Paget’s disease of the hip: Treatment

1 Nov

Management of patients with Paget’s disease can be challeng­ing. The mainstay of treatment is to relieve pain and improve function. This often necessitates administration of nonsteroidal anti-inflammatory medications and other analgesics. In order to retard excessive osteoclastic activity bisphosphonate drugs may be administered. Joint arthroplasty for Paget’s patients with end-stage symptomatic arthritis may be indicated. Due to gross deformities osteotomy of the affected bone either as an isolated procedure or at the time of arthroplasty may be indicat­ed. When a subcapital or intracapsular hip fracture occurs in a pre-existing pagetoid bone, total hip arthroplasty may be indicated if acetabular bone is also affected.


Although few patients with Paget’s disease ever require surgi­cal therapy, successful surgical management of severe ortho­pedic complications has improved the quality of life for these patients. Total hip arthroplasty (THA) has consistently been re­ported to improve function for these patients. The optimal method of fixation of hip components against pagetoid bone has been debated in the past. Cemented total hip arthroplasty is reported to be a viable and accepted treat­ment modality for symptomatic coxarthritis of the hip in patients with Paget’s disease. However, a higher incidence of symptomatic and asymptomatic radiolucencies around the bone-cement interface of components placed against pagetoid bone has been documented with the possibility of increased rates of implant failure over an intermediate time frame postop­eratively discussed. Radiolucencies occurred in twenty of thirty-two acetabular components implanted against pagetoid bone in one series. Merkow et al. reported on twenty-one cemented hips that showed the need for two revi­sions (9.5%) at 5.2 years follow-up.

Previously McDonald et al. reported the results of ninety-one cemented total hip arthroplasties in eighty patients with significantly higher inci­dence of revision (fifteen per cent) in patients with Paget’s dis­ease compared to the unselected population receiving total hip arthroplasty during the same time period (p<0.001). Radi­ographic loosening of twenty-nine per cent, cup loosening of 13.5 per cent, and a fall off of good and excellent results to seventy-four per cent of the total in that same series, all point­ed to increasing problems with longer follow-up. Use of uncemented acetabular components during hip arthro­plasty has become the preferred method for the majority of hip arthroplasties, with reports of better survivorship and a lower loosening rate for uncemented acetabular components when compared to cemented alternatives. Concerns exist, however, regarding implantation of uncemented components against pagetoid bone, as it is not known whether the altered quality and morphology of bone adversely influences ingrowth into uncemented implants. Some surgeons, because of the un­derlying abnormal bone metabolism, refrain from placing an uncemented component in the hip. However, in recent years there have been reports showing excellent osseointegration of press fit components placed against pagetoid bone. The mid-term result of uncemented femoral and acetabular components in patients with Paget’s disease have been en­couraging. Paradoxically uncemented hip arthroplasty may be a better treatment option for patients with Paget’s dis­ease as sclerotic abnormal bone in these patients precludes optimal cement interdigitation. In one study intended cementing of hip components had to be abandoned in some patients be­cause of perceived inability to obtain good cement interdigita- tion and bonding.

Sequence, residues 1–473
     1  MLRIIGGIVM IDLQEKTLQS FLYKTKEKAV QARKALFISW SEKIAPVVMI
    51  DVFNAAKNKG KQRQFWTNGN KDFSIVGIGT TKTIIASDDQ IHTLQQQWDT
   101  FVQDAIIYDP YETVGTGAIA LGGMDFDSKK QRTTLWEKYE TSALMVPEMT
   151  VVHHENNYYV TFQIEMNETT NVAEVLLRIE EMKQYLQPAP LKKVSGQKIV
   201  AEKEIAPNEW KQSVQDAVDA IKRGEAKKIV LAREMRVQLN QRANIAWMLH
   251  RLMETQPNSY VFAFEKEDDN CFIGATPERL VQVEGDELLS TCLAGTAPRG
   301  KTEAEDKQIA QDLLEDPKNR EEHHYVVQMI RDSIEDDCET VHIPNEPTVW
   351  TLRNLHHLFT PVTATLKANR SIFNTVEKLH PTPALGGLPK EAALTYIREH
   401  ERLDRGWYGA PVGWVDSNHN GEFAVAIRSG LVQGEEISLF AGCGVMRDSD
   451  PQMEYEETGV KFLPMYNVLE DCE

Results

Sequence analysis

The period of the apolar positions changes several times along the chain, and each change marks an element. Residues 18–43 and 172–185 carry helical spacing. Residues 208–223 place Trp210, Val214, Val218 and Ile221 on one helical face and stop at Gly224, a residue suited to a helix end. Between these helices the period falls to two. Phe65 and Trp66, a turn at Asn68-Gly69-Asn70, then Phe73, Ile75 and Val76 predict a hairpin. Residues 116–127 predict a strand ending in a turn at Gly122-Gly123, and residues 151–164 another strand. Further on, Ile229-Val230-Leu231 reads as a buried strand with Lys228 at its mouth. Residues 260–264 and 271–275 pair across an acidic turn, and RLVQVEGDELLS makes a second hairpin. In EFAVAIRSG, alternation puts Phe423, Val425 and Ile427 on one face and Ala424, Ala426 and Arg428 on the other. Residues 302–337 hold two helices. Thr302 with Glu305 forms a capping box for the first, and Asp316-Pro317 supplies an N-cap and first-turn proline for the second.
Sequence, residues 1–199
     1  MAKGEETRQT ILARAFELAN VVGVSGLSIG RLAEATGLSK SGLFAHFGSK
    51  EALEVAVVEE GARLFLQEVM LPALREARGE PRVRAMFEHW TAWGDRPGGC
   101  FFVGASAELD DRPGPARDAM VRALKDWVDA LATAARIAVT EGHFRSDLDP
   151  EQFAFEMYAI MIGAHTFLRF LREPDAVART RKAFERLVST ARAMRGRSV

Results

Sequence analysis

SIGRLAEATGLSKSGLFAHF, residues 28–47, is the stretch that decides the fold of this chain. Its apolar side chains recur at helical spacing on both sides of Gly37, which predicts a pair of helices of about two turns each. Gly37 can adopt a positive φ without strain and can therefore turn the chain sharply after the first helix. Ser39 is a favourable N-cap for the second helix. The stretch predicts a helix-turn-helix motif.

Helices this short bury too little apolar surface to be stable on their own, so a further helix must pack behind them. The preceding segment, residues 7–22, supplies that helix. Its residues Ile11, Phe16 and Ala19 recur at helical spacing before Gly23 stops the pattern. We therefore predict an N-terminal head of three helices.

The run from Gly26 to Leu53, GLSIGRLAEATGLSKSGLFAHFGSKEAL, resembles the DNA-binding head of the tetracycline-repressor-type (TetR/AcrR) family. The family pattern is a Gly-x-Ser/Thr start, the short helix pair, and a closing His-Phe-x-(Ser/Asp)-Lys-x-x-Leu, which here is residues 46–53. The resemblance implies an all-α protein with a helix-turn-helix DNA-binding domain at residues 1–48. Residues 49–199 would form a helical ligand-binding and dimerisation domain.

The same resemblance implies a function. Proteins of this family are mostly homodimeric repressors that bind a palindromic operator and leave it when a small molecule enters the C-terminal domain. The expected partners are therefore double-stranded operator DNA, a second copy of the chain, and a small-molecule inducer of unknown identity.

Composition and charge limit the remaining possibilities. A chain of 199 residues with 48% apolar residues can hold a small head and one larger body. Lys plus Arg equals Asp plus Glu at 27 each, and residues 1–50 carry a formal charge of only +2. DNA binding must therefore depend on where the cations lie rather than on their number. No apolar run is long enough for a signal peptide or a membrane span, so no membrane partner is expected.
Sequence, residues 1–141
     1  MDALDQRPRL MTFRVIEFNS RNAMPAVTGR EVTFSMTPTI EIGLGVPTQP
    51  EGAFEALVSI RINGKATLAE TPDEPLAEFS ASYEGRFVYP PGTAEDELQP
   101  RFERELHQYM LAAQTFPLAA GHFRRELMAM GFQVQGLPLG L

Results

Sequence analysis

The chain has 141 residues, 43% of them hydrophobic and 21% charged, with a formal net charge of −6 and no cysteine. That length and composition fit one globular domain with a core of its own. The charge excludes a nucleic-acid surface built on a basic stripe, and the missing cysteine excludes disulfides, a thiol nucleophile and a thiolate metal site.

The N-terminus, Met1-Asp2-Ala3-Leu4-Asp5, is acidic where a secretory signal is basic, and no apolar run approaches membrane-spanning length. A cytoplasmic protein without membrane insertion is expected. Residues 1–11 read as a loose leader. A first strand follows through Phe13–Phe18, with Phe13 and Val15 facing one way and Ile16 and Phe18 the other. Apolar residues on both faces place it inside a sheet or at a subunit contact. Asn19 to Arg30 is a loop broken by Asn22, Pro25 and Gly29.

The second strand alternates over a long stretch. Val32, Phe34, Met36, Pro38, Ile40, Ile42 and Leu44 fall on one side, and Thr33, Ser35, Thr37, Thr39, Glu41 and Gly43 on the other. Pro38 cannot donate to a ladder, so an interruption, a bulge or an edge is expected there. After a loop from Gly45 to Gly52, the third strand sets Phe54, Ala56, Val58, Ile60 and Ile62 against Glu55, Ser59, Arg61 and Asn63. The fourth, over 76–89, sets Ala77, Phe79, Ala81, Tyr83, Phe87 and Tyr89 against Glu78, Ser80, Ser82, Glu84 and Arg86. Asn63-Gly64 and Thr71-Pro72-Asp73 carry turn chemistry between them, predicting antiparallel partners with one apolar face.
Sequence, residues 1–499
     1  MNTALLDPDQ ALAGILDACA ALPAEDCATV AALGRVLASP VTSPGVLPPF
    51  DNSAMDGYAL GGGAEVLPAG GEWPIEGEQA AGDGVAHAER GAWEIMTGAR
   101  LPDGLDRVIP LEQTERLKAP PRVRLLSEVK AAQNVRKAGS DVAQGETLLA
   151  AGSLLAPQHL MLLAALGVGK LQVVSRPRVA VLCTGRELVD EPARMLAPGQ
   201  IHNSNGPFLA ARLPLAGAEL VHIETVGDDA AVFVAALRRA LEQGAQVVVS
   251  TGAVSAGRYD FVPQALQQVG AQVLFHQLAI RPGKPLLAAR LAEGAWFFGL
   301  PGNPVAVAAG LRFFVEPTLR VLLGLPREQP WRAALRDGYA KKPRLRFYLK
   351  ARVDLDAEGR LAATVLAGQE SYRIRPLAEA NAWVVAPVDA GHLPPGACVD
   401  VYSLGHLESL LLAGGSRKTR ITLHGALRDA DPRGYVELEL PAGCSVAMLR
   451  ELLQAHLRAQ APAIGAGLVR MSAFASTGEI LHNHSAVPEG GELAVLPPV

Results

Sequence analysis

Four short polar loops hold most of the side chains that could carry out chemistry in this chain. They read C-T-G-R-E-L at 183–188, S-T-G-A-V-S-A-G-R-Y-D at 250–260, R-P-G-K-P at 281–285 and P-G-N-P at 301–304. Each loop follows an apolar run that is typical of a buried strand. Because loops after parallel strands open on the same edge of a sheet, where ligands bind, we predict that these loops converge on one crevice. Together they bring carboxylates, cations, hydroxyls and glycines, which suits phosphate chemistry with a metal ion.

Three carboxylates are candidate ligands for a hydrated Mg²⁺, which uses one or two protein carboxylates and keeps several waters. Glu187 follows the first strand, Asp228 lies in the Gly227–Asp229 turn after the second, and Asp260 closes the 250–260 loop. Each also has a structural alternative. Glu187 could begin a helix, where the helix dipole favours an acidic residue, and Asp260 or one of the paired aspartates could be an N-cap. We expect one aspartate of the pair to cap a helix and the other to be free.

Osteolysis following THA in Paget’s disease patients, thought to be related to the increased metabolic turnover though rare has been reported. But much more evidence has been reported reinforcing the concept that no rapid osteolysis has been found after cemented and uncemented primary or revision THA. Medication you can afford online pharmacy generic drugs

Patients with Paget’s disease are still at moderate risk for de­veloping heterotopic ossification (HO) after THA, compared to those at high risk like previous history of HO in either hip, bilat­eral hypertrophic osteoarthritis or posttraumatic arthritis. This is the basis for starting preventive measures (pre-op and post-op radiation and prophylactic drug regimens). Excessive bleeding during surgery is one of the most common complications related to Paget’s disease, which is attributed to hypervascularity of the bone, technical difficulty prolonging the procedure, and the need for additional procedures such as os­teotomy during the hip arthroplasty. In any case large amount of cross matched blood may need to be available for pagetoid patients undergoing surgical procedures. Other complications include nonunion of the trochanteric os­teotomy in the formerly used approach for THA, and high­er incidence of periprosthetic fractures around hip arthroplasty components.

Continuation of bone pain following joint arthroplasty, due to the presence of disease or coexistent deformity, pathological microfractures and on very rare instances malignant transfor­mation can also occur. Malignancy, mostly osteosarcoma, can develop in one percent of Paget’s patients. Transmission of Paget’s disease, during autologous bone grafting, from one location to another has also been described.